North Korea wants nothing to do with six-party talks. The reason the North gave for leaving the talks in the first place was that the U.S. froze some of its overseas accounts in the belief they held the proceeds of Pyongyang's counterfeiting scheme. North Korea wants the freeze lifted before it returns to the table:
"The U.S. says it's difficult to lift the financial sanctions, but there is nothing difficult. If the U.S. wants to, it can do it easily," North Korean spokesman Chong Song Il said in Kuala Lumpur. "We believe if the U.S. earnestly wants dialogue, it can do this."
The defiance may be because the North really isn't interested in talks, but rather is pursuing what
The North's diplomatic isolation was evident in the decision by the United States and other nations to hold a separate meeting on the sidelines of ARF without Paek, ostensibly to discuss northeast Asian security.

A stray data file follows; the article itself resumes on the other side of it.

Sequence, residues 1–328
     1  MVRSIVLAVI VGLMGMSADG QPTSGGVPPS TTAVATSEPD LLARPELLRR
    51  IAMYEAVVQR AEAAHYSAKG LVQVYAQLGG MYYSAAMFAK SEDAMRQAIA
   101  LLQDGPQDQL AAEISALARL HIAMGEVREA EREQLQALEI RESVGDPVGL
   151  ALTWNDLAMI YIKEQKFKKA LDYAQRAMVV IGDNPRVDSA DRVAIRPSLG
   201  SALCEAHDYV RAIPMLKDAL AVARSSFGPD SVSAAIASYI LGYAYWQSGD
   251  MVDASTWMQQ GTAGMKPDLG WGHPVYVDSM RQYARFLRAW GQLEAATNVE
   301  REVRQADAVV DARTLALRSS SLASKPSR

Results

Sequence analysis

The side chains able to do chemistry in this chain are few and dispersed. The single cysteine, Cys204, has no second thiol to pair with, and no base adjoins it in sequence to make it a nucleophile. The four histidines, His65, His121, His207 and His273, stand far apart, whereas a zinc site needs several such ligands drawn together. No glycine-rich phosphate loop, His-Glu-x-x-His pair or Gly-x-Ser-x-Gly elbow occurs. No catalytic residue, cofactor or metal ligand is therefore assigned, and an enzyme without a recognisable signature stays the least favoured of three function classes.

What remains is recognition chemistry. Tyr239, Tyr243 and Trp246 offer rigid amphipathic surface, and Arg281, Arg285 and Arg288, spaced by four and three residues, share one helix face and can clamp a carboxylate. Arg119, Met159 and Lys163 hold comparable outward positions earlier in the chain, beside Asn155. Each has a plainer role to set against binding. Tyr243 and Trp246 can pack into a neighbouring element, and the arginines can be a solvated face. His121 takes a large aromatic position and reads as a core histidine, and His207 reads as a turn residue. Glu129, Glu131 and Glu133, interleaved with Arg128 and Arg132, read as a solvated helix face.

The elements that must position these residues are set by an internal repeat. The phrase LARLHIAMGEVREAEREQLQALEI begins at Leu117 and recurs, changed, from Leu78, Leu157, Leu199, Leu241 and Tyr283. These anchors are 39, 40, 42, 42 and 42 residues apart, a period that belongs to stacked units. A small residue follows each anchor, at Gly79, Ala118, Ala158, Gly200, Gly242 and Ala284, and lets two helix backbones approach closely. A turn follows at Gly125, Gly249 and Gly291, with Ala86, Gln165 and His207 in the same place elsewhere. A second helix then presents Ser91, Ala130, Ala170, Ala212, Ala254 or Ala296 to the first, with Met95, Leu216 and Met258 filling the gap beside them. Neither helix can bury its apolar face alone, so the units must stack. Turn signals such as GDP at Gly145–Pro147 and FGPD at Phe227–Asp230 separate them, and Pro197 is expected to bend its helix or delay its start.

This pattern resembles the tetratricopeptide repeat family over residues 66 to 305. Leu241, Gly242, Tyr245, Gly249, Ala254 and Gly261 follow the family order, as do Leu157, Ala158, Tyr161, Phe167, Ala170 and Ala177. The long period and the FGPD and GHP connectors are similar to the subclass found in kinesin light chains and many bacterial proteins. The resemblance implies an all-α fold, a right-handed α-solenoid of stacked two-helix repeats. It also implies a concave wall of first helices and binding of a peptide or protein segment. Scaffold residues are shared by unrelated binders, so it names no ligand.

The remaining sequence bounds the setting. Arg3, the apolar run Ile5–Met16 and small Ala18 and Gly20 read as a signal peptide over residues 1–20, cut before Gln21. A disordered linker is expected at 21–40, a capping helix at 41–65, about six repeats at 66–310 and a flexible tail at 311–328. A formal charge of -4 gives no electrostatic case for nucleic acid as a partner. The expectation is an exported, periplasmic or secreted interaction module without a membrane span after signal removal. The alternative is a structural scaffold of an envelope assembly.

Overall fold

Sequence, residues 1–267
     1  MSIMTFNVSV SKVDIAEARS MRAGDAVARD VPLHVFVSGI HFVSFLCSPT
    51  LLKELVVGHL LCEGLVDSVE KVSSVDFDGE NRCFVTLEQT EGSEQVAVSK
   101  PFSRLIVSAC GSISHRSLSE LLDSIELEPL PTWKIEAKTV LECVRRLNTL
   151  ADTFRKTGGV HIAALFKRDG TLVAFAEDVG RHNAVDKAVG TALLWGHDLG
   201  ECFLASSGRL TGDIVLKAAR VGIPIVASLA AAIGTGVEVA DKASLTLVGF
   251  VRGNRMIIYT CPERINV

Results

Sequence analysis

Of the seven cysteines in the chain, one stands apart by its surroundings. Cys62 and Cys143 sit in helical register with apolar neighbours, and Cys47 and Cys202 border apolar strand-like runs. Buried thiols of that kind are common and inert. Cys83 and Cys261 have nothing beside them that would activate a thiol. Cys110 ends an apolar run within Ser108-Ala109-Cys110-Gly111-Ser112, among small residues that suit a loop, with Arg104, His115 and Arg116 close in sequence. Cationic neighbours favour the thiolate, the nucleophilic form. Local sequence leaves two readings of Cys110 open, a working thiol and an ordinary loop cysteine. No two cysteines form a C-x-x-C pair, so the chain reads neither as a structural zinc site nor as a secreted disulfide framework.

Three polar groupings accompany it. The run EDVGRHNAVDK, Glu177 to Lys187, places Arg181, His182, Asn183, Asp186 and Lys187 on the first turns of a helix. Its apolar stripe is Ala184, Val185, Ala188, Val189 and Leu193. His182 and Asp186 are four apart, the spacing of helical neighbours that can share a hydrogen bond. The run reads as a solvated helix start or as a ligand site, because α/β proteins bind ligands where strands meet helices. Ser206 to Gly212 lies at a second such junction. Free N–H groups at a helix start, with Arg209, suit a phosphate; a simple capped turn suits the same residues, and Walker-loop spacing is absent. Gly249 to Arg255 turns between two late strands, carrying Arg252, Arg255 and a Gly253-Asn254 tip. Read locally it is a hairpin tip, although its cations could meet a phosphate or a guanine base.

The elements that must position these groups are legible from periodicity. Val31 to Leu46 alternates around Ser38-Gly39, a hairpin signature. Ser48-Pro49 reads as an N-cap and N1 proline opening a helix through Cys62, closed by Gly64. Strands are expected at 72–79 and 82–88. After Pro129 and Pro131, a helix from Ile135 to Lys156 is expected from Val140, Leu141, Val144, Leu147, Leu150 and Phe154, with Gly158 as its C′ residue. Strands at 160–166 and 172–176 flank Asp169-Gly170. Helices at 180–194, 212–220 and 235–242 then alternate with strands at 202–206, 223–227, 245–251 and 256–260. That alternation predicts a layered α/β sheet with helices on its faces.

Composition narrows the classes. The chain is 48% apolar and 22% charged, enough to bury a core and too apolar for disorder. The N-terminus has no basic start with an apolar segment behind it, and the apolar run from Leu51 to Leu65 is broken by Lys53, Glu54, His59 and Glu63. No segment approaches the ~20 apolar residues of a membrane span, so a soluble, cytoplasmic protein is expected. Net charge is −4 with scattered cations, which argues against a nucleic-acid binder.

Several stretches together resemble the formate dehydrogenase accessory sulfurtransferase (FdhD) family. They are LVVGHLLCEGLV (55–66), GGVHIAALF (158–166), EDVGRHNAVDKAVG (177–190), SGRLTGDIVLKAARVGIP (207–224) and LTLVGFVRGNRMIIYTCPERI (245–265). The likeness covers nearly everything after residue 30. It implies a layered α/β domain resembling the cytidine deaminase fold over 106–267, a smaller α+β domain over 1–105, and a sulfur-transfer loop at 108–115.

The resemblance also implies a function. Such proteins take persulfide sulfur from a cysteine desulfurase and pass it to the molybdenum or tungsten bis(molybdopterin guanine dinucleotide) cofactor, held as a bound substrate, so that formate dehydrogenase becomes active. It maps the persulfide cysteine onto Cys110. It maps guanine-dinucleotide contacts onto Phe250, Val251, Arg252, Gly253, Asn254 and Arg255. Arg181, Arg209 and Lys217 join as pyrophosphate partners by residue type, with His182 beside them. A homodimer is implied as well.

"They are completely isolated," said U.S. Assistant Secretary of State Christopher Hill. "If it's isolation they want, it's going to be isolation they get."
It may be what they want. Leaving the negotiations means they can develop and sell their weapons without restraint, and will be beyond the reach of international responsibilities.
The greatest advantage North Korea has right now is that China and South Korea desperately want that state to survive: they are petrified at the tought of a North Korean collapse, perhaps only for economic reasons. The North can be as reckless as it wishes knowing that the wealthy states at its border will ultimately choose to support it with trade and charity, and that those states will oppose any sanctions that might cripple the Pyongyang regime.
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